(i) Trezor: The package comes sealed in a square box set that has been bolstered with black foam for additional support. Inside one can find the device (obviously!!) along with a strap that can be used to hang/suspend the device. Additionally, the box also contains the following:
- A USB cable for connecting one’s wallet to a computer, laptop, etc.
- A user manual card
- 2 recovery seed cards
- A wide variety of Trezor branded stickers.
(ii) Ledger: As with the Trezor package, the Ledger box also pretty much comes with the same list of contents. For example, inside the box people will find their storage device along with the following items:
- A USB Cable for establishing PC connections.
- A Key Chain
- A Lanyard (which can be kept around the device)
- Seed Cards
Pretty straightforward for both of these popular company’s wallets.
Ease of Use + Operational Efficiency
Trezor is designed to be fully compatible with a wide array of desktop computers as well as hand-held devices. It can be used seamlessly with macOS, Windows, Linux, and Android. However, what seems to set Trezor apart from many of its contemporaries is the Google Chrome extension that can be used in conjunction with it. The plug-in is designed to help users operate their Trezor devices in the easiest manner possible as well as manage the data placed on it seamlessly.
Trezor’s wallet interface is quite intuitive and can be used without much training. It allows users to view transactions via the send/receive tabs that are located at the top end of the screen.
On the top left, there is a drop-down menu that allows users to switch between their desired cryptocurrencies.
Ledger too is designed to be compatible with a host of operating systems including macOS, Linux, Windows, and even Chrome OS. However, for full functionality with ChromeOS, users need to make use of the firm’s native web browser as well as acquire certain extensions.
From an interface standpoint, Ledger is very well designed and easy to use. Not only that, all of the device’s built-in tools and buttons have been outlined pretty well. Lastly, all of the product’s core functions can be executed with relative ease.
Both of the devices provide their owners with access to most of the important crypto assets that are available in the market today. This saves investors the hassle of keeping their different digital assets in separate storage mediums.
The interfaces offered by Trezor and Ledger are extremely easy to use and intuitive.
The Ledger and Trezor hardware wallets are well designed and provide their owners with a polished/user-friendly user experience from the get go.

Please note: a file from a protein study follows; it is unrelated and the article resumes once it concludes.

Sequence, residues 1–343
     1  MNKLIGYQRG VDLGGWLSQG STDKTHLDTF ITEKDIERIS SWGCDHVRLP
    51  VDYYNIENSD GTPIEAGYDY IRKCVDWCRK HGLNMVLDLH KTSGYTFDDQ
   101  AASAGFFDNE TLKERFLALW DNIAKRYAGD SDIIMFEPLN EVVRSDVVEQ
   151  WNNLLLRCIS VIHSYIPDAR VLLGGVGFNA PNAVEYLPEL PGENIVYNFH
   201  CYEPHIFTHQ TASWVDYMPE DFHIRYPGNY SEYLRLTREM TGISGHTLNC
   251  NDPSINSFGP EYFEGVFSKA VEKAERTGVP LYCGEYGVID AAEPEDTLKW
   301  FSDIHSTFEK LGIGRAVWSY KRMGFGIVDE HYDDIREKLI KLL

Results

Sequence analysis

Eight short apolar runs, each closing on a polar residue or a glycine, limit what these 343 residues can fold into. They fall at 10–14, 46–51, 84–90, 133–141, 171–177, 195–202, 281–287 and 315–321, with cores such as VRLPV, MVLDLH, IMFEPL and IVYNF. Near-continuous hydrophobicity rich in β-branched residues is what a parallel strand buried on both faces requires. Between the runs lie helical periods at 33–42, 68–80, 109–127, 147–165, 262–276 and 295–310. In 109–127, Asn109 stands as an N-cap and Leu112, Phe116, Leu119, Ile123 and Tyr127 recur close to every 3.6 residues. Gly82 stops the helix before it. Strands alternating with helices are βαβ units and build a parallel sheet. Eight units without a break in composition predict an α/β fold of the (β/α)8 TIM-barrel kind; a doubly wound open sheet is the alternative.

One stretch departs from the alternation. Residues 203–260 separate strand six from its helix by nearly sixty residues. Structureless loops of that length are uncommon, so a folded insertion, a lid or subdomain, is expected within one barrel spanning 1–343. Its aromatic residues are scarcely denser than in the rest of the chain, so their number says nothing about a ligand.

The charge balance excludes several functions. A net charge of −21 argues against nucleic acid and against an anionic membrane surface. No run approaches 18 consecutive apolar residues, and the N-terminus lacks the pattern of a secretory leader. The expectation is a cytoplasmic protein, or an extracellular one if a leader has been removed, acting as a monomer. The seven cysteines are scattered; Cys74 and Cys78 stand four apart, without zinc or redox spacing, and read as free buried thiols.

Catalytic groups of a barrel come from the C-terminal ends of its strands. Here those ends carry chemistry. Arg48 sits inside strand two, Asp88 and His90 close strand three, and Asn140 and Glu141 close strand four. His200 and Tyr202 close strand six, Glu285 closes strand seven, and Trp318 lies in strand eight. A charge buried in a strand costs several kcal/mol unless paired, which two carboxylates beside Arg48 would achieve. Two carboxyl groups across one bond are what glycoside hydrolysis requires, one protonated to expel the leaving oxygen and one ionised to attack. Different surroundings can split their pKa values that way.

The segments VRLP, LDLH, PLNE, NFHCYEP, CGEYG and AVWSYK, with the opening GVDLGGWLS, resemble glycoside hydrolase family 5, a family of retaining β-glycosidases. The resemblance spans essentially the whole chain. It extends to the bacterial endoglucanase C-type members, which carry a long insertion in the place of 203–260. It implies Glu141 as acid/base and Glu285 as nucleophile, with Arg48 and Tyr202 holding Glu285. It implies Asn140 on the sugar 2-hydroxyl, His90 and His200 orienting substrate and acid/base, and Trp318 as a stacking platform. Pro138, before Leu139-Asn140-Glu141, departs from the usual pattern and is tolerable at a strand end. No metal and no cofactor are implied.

As mentioned in the previous section, the above mentioned devices support a long list of cryptocurrencies. The assets in question range from the well-known staples to others that might not be as famous.
Trezor is designed to accommodate a vast array of crypto assets. Additionally, with each successive firmware update, the number of coins that are supported by the device continues to increase. In all, the device supports nearly 1,100 tokens, some of whom (the key ones) are listed below:
- Bitcoin (BTC)
- Litecoin (LTC)
- Bitcoin Cash / Bcash (BCH)
- Bitcoin Gold (BTG)
- Ethereum (ETH)
- Ethereum Classic (ETC)
- All ERC-20 Tokens
- NEM (XEM)
Ledger too provides its owners will full support for many crypto coins. Believe it or not, the device supports nearly 1000 tokens — with new ones being added every few months. Some of the core ones have been listed below:
- Bitcoin (BTC)
- Bitcoin Cash (BCH)
- Bitcoin Gold (BTG)
- Ethereum (ETH)
- Ethereum Tokens (ERC-20)
- Ethereum Classic (ETC)
- Litecoin (LTC)
- Dogecoin (DOGE)
- Zcash (ZEC)
- Ripple (XRP)
- Dash (DASH)
- Stratis (STRAT)
- Komodo (KMD)
- Ark (ARK)
- Expanse (EXP)
- Ubiq (UBQ)
- Vertcoin (VTC)
- Viacoin (VIA)
- Neo (NEO)
- Stealthcoin (XST)
- Stellar (XLM)
- Hcash (HSR)
- Digibyte (DGB)
- Qtum (QTUM)
- PivX (PIVX)
- PosW (POSW)
Lastly, it bears mentioning that Trezor was one of the first crypto storage units to provide users with mainstream BTC storage capabilities. In the same breath, Ledger was the first physical storage entity with full support for Ethereum.
As mentioned previously, both devices cyclically undergo software updates that help add new functionality and coin support features to them.
How Easy is to Setup the Devices?
We reviewed how to setup the Trezor wallet above, but let’s cover it in comparison to the Ledger Wallet.
The process of setting up both of these devices is fairly simple and straightforward. For starters, Trezor, as well as Ledger, require their handlers to set up a pin code — which comes in handy if a nefarious third-party individual gains access to one’s physical wallet. Additionally, if a person incorrectly enters a pin three times, the devices automatically delete all the data that is stored within them.